Clubs below the top tier in the Primera Liga are desperate to get into the big time and despite not being short on big names.
Hoping for a second chance
Below the glamour surrounding Spain's Primera Liga, the country's second tier is often forgotten. The average crowd in the second level in England and Germany is more than 17,000. In Spain's Segunda A, it is 6,000. Some clubs, like Villarreal's B team, are lucky if they attract four figures.
Segunda A is not short of famous names. Real Sociedad won the Primera Liga twice in succession and reached the semi-final of the European Cup in the early 1980s. Bars in San Sebastián's old town - where numerous flags bear the legends like "Tourists beware, the Basque country is not Spain" - still proudly display posters of that side, immortalising stars like the goalkeeper Luis Arconada; Perico Alonso, father of top midfielder Xabi Alonso, and the 1982 World Cup striker Lopez Ufarte. Sociedad came within a game of beating Real Madrid to the title in 2002.
Celta Vigo have twice played in the Champions League this decade. "When I played there, they had a fantastic side with Alexander Mostovoi, Valery Karpin, Michel Salgado, Claude Makelele and Mazinho," said Jordi Cruyff. "When I returned to Manchester United, Sir Alex Ferguson got me in one day to talk about Celta. He knew that Celta were a great team and said, 'If you could take two players from Celta, who would it be?'
"I told him that Makelele was the best, but also recommended Salgado and Mostovoi, explaining that he was a little older. United did nothing, but Makelele and Salgado moved to Madrid that summer." Real Betis played Champions League football as recently as 2005-06, when they beat Chelsea 1-0 at home. That rare foray into Europe was the reward for Betis' best season, 2004-05, when they also won the Spanish cup, only their third trophy, with idols Joaquin and Olivera influential.
Relegated last season, Betis are the best supported club in the league and lie fifth in the table aiming for an immediate return. Sociedad are third, while Celta are marooned in 20th. As Alaves and Oviedo have found, they are not too big to drop into the regional third divisions, known as the "glue pots" because they are so difficult to get back out of. Levante, Numancia, Rayo Vallecano, Recreativo Huelva, Las Palmas, Murcia, Albacete and Cadiz are all clubs who have played in the Primera Liga this decade. They are contributing to a tight Segunda A where just 16 points separate top and bottom - against 25 points in the Barca and Real Madrid dominated Primera Liga.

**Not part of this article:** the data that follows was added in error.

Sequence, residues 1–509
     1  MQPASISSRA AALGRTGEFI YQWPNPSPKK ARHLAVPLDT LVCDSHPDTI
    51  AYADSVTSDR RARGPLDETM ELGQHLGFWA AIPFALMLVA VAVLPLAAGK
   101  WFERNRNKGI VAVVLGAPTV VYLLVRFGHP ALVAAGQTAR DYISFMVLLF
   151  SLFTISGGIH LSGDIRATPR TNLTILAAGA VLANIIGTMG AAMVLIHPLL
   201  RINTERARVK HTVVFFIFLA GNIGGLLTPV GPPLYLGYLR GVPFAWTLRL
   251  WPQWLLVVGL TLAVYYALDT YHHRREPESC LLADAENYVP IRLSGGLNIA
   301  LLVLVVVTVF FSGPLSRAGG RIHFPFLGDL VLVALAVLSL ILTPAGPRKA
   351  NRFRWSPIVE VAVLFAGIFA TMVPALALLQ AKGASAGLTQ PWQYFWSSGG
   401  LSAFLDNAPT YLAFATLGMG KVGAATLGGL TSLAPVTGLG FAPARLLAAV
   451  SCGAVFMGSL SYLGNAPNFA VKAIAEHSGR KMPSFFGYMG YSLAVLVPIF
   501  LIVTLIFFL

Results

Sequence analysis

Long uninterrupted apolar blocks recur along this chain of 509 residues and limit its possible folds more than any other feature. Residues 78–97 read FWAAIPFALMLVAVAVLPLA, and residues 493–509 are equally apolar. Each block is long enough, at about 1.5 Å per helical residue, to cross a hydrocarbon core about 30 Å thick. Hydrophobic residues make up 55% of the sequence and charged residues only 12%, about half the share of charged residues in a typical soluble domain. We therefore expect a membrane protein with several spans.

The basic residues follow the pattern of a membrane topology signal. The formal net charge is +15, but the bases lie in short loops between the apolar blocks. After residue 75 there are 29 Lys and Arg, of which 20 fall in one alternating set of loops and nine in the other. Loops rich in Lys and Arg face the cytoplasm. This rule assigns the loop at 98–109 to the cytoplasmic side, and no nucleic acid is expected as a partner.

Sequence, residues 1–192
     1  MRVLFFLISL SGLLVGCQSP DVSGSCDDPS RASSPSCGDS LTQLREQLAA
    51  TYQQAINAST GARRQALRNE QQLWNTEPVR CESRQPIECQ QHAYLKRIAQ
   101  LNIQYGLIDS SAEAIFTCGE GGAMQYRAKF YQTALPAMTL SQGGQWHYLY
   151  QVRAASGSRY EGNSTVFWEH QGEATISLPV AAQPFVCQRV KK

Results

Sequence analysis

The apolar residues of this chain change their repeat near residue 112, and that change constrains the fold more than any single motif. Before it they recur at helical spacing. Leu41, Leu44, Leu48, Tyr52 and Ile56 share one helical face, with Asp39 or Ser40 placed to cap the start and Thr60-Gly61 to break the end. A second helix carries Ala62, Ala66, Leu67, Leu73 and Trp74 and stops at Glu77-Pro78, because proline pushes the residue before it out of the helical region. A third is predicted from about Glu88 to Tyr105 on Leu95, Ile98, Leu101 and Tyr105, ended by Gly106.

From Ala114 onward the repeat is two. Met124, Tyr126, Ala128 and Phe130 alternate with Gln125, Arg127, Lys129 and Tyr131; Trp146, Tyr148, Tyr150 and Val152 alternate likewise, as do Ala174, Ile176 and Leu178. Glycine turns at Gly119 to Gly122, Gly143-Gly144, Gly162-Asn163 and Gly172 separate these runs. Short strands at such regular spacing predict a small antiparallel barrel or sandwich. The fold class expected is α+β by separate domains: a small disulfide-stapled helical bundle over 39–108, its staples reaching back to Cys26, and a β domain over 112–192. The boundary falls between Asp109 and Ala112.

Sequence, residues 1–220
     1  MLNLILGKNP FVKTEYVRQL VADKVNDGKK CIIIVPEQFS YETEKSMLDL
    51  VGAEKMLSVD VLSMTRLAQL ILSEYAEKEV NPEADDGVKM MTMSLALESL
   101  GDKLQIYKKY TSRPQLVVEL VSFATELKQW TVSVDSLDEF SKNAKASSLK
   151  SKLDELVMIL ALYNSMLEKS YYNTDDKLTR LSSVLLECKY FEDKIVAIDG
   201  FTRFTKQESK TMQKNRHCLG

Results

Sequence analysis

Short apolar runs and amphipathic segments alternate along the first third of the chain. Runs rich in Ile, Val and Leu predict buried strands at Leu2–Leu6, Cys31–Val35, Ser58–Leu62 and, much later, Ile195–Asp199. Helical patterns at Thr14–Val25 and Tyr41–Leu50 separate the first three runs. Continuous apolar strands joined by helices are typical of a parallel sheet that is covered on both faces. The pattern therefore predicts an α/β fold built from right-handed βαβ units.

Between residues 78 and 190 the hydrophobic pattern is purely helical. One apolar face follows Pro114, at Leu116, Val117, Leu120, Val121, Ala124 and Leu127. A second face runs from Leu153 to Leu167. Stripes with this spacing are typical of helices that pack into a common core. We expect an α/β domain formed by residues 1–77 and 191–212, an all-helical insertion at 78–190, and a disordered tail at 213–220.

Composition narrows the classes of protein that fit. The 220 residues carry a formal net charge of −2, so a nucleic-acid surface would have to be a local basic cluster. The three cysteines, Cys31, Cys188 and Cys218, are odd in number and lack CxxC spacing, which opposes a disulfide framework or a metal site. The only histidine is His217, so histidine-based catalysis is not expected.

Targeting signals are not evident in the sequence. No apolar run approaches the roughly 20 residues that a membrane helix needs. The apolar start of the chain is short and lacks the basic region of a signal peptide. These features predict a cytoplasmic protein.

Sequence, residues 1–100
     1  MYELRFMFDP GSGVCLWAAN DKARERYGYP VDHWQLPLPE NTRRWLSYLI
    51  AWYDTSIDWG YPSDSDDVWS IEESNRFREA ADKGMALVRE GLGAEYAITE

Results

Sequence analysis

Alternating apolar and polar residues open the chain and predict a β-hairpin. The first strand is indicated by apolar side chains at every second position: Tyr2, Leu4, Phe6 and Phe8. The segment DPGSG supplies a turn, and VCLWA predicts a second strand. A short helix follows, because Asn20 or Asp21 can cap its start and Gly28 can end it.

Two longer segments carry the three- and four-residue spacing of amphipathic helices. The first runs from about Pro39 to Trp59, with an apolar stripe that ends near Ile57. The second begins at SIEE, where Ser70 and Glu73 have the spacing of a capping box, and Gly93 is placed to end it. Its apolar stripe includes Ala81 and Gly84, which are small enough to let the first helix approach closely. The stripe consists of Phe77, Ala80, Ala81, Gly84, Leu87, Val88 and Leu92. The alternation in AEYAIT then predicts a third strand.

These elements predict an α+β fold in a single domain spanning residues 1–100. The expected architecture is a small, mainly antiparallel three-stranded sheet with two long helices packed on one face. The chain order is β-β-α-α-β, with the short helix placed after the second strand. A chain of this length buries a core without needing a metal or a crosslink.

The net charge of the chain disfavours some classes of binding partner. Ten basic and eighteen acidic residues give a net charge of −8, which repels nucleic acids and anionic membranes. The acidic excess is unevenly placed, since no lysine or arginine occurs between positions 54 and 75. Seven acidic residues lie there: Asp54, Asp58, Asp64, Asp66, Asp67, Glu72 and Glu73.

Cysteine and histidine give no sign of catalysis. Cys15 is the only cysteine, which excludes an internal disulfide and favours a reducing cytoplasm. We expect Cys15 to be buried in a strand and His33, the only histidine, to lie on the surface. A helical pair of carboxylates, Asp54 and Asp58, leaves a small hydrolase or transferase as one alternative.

Conscious that there is almost a perfect correlation between wage bill and league position, most have invested millions to boost the capacity of their stadiums in the hope that if they do get back into the Primera Liga, they will be able to attract the higher crowds and revenues to keep them there, except Numancia, who come from a town of 54,000 and were lucky if they filled their 9,000 capacity ground when they were in the top flight. It is a gamble - for teams typically see their average attendance half when they are relegated and the spectre of huge empty stadiums is not appealing.
Another issue for the teams who fall out of the top division is that, publicity wise, it is like walking off a cliff. It is as if they have ceased to exist in the eyes of the national media who usually only spotlight the lesser teams when Real or Barca play them. Consequently, Xerez, playing their first season in the top flight, have got a far higher profile than any of the bigger clubs in the league below. Xerez can charge ?80 (Dh436) a ticket for a visit by the big two in the hope the extra revenues generated will keep them up. They should not bank on it and nor do clubs in Spain get the umbrella payments following relegation.
Relegated clubs thus shed as many players as possible and join a group of the similar sized fish, keen to get out of the limited Segunda A pool, desperate for another bite at the big time. @Email:firstname.lastname@example.org